IntroductionConsidered together, Kate Chopin’s life and work show how difficult it is to define female identity in America. Chopin’s greatest works (The Awakening, “The Story of an Hour”) are defined by portraits of women becoming aware of their own desires, struggling to realize them, and dying. However, in her own life it was Chopin’s loved ones who died and Chopin herself who lived to juggle artistic, social, and sexual desires, all while raising six children alone and dealing with her late-husband’s debts. Her works repeatedly refuse to provide simple answers and instead draw readers into sympathy with the complexities created by passion, racial bias, and the demands imposed by society.
- Much of Chopin’s life was defined by the deaths of those close to her. Her father died when she was only 4 years old. A founder of the Pacific Railroad, he was killed when a railway bridge collapsed.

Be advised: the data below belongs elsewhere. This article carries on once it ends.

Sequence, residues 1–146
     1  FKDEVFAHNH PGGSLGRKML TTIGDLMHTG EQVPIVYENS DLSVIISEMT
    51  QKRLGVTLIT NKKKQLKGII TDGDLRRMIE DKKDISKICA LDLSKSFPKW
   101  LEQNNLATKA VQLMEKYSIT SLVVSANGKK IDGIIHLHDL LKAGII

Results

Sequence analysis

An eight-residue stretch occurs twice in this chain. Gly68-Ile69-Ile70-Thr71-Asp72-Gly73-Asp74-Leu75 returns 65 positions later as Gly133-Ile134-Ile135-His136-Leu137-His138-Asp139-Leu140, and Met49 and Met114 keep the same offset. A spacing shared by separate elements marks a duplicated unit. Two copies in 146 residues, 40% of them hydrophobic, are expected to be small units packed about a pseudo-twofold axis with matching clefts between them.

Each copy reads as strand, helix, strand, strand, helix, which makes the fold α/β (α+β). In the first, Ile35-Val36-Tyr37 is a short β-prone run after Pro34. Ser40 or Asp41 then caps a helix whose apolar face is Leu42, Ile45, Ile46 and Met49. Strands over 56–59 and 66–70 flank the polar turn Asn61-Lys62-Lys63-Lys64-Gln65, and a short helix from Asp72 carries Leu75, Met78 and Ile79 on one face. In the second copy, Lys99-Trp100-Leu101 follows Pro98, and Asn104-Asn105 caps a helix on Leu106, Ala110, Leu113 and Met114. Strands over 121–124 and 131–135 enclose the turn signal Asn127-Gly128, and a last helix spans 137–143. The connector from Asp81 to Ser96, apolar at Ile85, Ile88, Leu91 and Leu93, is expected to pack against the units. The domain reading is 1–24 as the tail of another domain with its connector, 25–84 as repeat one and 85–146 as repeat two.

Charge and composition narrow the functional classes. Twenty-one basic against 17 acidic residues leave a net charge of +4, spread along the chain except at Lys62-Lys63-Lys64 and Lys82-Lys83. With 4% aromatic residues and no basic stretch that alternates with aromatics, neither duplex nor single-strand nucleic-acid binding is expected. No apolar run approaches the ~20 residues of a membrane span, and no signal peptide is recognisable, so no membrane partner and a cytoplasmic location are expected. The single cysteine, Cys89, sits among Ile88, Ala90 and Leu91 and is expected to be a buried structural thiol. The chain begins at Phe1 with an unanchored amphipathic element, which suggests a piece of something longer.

- Chopin’s half-brother died from typhoid fever in 1863. Her great-grandmother, whom she’d been very close to, died the same year.
- Many of Chopin’s works are set in Louisiana and often describe the lush natural settings and the mix of cultures that define the region.
- The Awakening has been adapted into two movies, and PBS made a documentary about Chopin’s life in 1999.
- After spending a day at the World’s Fair in Saint Louis in 1904, Chopin died of a brain hemorrhage.
All Resources by Category
- Critical Survey of Long Fiction
- Critical Survey of Short Fiction
- Feminist Long Fiction
- Kate Chopin - Identities and Issues in Literature
- Short Story Criticism
- The Awakening - Identities and Issues in Literature
- The Awakening - Literary Characters
- The Awakening - Literary Places
- Twentieth-Century Literary Criticism
- A Point at Issue! Study Guide
- Desiree's Baby Study Guide
- The Awakening Study Guide (eNotes)
- The Story of an Hour Study Guide (eNotes)
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